The Lamborghini Aventador is much easier to drive and control an Aventador than the Murcielago. Still, it might seem dishonest that the Aventador inherited the mantle of the last challenging thrill in the segment. As it used to be, it’s a challenge to drive at all. The tests are carried on only because everything else around it has gotten so much easier.
The Lamborghini Aventador is a squat, low, big and wide monster from the old school, which is the replacement for the ageing Murciélago supercar. A 0–62mph time under three seconds and a 217mph top speed, sporting a mid-mounted 6.5-litre V12, this is the fastest car in Lamborghini’s current range and can be regarded as one of the fastest ever. It was built by using a carbon-fiber monologue and draped with aluminum and CFRP panels. There’s a four-wheel drive and the transmission and bodywork that scares small children.
Lamborghini also provides an Aventador Roadster variant with a two-piece carbon-fiber taiga top weighing just 6kg. Due to such an unbelievably light materiel, the taiga can be easily stored and removed in the Aventador’s nose. Howrever, it remains a supercar of the old school. It was first public shown more than 40 years ago and up to now, it is still a massively wide, impossibly low machine powered by an outrageously powerful and classic normally aspirated V12.
This car doesn’t have the controls are all human-resolving and the self-driving option. I literally rocked up in a Huracan, got out, swapped keys, and hopped in the Aventador. The Huracan drives automatically, it releases the brake and the coupe rolls forward. But when I got on the Aventador and took my foot off the brake, the car didn’t respond, nothing happened. The clutch in the ISR transmission – that’s Independent Shifting Rod and it’s a single-clutch automated gearbox. Furthermore, the gearbox doesn’t work until you press the throttle. Come to a stop and take your foot off the brake for more than seven seconds, and the Aventador will shift into neutral, which seems to be the only thing in the Aventador that automatically work. Grazing the throttle won’t work, either, only human-commands will do because the Aventador doesn’t respond to suggestions.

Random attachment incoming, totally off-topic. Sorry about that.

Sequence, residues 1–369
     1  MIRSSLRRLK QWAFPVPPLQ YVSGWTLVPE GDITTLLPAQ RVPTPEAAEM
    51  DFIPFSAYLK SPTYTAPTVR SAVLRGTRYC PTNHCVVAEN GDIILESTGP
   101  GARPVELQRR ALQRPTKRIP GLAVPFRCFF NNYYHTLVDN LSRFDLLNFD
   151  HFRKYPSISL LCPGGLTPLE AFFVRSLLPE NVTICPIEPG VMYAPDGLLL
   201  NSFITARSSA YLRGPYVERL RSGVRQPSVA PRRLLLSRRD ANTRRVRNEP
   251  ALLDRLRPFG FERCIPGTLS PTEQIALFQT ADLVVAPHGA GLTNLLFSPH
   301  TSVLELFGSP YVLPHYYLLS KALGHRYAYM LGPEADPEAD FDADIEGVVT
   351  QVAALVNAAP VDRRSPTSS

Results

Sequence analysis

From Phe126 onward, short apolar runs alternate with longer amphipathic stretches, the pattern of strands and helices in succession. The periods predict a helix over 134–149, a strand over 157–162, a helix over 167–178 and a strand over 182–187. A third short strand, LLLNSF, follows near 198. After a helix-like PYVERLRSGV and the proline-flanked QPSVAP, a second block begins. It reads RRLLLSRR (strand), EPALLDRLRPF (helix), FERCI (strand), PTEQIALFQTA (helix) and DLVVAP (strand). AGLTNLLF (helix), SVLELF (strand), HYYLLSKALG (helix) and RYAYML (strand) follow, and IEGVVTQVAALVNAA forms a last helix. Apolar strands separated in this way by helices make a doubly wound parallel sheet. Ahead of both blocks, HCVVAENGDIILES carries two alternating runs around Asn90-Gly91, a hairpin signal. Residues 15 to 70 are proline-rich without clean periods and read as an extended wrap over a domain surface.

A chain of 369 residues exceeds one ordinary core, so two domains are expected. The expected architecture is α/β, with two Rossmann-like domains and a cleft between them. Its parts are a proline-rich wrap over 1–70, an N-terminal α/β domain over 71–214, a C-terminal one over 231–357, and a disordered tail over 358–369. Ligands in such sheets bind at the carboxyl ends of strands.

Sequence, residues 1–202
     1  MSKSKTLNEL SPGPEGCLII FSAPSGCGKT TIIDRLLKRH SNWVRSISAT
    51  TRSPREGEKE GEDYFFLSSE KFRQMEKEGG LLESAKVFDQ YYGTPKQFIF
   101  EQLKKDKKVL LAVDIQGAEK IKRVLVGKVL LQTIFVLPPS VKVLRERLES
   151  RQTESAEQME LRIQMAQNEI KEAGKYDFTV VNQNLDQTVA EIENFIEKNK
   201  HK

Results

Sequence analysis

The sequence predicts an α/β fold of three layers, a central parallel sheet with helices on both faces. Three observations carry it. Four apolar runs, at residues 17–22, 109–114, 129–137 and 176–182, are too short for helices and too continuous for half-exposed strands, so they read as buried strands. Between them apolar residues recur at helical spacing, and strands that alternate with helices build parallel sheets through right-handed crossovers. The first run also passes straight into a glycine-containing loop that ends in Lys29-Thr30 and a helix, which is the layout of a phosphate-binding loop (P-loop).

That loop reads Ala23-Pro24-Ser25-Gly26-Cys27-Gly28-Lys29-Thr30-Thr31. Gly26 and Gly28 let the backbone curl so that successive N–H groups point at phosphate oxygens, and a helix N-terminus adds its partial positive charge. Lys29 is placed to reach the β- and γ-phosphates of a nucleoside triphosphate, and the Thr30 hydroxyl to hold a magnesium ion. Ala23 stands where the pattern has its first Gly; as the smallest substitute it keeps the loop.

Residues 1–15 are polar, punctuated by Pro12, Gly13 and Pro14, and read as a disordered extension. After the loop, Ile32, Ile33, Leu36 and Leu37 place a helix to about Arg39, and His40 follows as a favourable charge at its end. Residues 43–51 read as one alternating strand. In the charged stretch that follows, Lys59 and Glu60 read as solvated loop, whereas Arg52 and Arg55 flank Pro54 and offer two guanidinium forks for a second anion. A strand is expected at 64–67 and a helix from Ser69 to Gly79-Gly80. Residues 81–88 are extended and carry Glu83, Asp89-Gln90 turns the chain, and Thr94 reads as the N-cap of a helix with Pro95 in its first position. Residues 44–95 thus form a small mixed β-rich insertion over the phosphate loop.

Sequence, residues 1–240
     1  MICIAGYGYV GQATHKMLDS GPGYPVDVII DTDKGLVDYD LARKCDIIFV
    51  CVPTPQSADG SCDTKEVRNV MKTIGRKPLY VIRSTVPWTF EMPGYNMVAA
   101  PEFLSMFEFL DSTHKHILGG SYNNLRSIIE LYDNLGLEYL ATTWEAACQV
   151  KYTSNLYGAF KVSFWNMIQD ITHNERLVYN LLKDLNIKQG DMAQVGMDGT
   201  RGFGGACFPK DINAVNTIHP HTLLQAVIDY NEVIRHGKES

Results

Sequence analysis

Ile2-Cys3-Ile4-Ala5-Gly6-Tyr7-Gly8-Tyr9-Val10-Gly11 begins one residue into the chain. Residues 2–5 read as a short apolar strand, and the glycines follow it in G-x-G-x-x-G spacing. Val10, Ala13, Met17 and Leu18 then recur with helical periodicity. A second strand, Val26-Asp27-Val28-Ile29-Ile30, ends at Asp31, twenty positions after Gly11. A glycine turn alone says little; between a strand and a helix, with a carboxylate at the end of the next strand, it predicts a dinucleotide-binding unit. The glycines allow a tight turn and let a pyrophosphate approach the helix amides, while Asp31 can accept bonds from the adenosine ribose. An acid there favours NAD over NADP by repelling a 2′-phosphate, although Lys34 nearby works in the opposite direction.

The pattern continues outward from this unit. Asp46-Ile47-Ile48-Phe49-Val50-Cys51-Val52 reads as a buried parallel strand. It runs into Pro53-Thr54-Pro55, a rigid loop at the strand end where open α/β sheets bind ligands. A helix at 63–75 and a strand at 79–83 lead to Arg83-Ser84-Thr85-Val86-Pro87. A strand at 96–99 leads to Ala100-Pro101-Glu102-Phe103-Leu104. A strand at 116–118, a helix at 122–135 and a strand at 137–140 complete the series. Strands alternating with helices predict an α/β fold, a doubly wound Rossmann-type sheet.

First, the SV (which stands for “Superveloce,” or “superfast”) packs the same tune for its V-12 as did the hyper expensive, Veneno, which was limited in the number in three. It’s Lamborghini’s most powerful V-12. In addition, it stimulates optimized variable valve timing, a new exhaust system, and a higher red line to raise output to 740 horsepower at 8400 rpm. Torque remains staying at the same level as in the non-SV Aventador: 509 lb-ft at 5500 rpm. However, the SV is intended solely to circle a racetrack as quickly as possible, while the dorsal-finned Veneno’s calling card was its crazy styling, it can lap the Nürburgring in less than seven minutes. Only a “crazy” car can do that.
Remarkably, the Aventador has ‘gone green’ due to both of cylinder deactivation and the engine stop-start, which helps improve economy by up to 20 per cent. Now, the Lamborghini’r range-topper is currently looking at an 18-month waiting list, meaning premiums on used examples, even with a list price of £260,040.
Source: car leasing